CHRISTOPHER COYNE: Yes, and especially if you want it to, and what I mean by that is, you know, it depends on which classes you end up taking. And so, you know, the core classes are going to be theory heavy. That’s, that’s economics in general. And so that, you know, I mean, if you just look at the titles, it’s it’s micro theory, one micro theory to macro theory. So their theory classes, and the idea is that you have to learn kind of the apparatus or infrastructure or framework and models that economists use in order to think those are conceptual frameworks. And so that’s the purpose of those those classes. And from that perspective, our core classes are similar to core classes and every other MA program in terms of that focus. But then when you move to the realm of, of electives, and you look at things like comparative economic systems, that’s going to focus on topics like economic development, and different economic systems and how they relate to human wellbeing. So there’s, there’s going to be an element in there related to the type of things you’re asking, you think about public economics and public choice. public economics is the economics of the public sector. That’s what that field is, as I mentioned earlier, public choice is a field is this is the application of economics to the study of politics. And so in that type, of course, there’s going to be things directly related to the political process, which of course, influence policy. And so those are just a couple examples of the type of interaction you’ll get with those things. And then just to provide one more gender economics, part of that course deals with policies, but also things like social norms as it pertains to gender and things along those lines and how that influences things like labor markets, for different genders and so on. And so you can see again, how that can relate to policy or at least policy related issues. But thank you for the the question. Okay,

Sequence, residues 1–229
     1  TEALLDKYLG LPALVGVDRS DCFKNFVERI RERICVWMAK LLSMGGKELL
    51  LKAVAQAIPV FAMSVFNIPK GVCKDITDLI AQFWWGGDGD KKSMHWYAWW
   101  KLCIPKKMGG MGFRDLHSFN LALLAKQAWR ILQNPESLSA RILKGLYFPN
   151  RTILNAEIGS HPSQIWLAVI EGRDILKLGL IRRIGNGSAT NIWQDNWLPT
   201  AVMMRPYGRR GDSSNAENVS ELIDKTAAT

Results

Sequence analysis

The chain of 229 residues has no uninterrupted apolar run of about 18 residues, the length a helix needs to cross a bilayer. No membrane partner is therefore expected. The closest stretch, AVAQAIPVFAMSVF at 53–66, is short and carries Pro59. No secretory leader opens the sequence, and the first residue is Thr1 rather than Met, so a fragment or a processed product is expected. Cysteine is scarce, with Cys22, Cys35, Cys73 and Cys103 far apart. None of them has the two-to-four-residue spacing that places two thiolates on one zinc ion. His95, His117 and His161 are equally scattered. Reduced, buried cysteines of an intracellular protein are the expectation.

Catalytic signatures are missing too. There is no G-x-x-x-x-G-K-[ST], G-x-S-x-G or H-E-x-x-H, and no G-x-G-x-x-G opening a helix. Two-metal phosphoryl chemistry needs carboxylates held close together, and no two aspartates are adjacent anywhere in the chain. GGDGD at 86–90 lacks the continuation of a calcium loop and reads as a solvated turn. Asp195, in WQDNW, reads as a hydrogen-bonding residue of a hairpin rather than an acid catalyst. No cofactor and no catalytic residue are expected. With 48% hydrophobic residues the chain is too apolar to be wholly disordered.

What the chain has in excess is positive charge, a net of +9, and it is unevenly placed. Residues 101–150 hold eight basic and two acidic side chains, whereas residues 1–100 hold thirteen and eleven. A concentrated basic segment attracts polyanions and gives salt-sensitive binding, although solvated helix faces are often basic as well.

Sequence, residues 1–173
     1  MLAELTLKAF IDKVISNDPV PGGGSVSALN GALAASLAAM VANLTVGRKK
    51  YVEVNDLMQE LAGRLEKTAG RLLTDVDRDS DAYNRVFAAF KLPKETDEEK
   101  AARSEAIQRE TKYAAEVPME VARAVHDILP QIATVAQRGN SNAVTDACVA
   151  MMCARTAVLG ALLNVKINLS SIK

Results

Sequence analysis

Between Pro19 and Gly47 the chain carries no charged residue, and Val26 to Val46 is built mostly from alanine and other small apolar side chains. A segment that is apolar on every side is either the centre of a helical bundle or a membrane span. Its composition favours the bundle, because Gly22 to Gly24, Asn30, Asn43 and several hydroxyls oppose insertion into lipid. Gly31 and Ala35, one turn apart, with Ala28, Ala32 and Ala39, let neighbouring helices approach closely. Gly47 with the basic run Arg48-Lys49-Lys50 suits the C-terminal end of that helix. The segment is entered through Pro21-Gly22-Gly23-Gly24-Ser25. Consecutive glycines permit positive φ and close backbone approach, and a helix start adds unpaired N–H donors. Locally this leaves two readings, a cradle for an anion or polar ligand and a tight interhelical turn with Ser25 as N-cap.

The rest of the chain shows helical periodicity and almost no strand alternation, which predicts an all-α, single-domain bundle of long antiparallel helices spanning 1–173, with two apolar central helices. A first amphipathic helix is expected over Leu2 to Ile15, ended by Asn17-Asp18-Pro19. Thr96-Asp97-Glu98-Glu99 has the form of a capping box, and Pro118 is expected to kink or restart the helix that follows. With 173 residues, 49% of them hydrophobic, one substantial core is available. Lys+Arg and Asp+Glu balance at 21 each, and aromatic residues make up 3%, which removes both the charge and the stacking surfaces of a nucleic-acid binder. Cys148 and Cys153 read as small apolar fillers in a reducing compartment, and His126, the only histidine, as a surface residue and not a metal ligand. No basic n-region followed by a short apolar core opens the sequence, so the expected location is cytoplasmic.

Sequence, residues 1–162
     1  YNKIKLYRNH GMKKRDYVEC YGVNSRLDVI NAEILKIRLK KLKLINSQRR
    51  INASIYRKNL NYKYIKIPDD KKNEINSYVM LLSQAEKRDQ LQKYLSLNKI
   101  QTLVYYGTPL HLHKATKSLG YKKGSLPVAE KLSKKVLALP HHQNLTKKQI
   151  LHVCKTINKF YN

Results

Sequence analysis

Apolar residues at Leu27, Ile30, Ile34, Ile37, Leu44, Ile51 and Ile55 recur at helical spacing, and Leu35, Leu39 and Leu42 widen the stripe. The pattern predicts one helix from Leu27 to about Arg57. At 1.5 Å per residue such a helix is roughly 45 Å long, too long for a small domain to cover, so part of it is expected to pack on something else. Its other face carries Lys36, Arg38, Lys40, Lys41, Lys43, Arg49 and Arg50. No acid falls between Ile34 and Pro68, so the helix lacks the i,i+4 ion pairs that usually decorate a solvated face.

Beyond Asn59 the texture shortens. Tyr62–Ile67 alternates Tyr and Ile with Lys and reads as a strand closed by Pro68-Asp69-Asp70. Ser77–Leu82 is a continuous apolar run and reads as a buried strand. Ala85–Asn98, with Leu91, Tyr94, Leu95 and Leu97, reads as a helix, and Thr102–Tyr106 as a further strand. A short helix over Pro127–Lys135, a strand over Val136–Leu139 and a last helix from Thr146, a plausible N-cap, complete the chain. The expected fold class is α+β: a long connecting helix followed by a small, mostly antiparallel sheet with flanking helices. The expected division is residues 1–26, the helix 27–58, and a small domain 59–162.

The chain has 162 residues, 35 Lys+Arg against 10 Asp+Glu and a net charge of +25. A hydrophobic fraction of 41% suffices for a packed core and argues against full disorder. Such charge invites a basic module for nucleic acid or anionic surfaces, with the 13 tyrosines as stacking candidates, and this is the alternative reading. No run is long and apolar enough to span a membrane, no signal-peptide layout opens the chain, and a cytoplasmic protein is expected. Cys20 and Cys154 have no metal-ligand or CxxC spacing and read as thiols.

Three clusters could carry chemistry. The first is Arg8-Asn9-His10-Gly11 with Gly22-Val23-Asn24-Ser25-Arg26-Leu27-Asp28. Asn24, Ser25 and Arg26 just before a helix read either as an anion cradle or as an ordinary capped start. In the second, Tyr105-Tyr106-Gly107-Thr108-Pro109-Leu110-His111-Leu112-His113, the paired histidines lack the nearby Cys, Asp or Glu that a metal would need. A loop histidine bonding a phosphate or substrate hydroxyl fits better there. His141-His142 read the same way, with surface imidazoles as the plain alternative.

HEATHER BRYANT: thank you. Someone else is asking if all the courses are available every semester. All?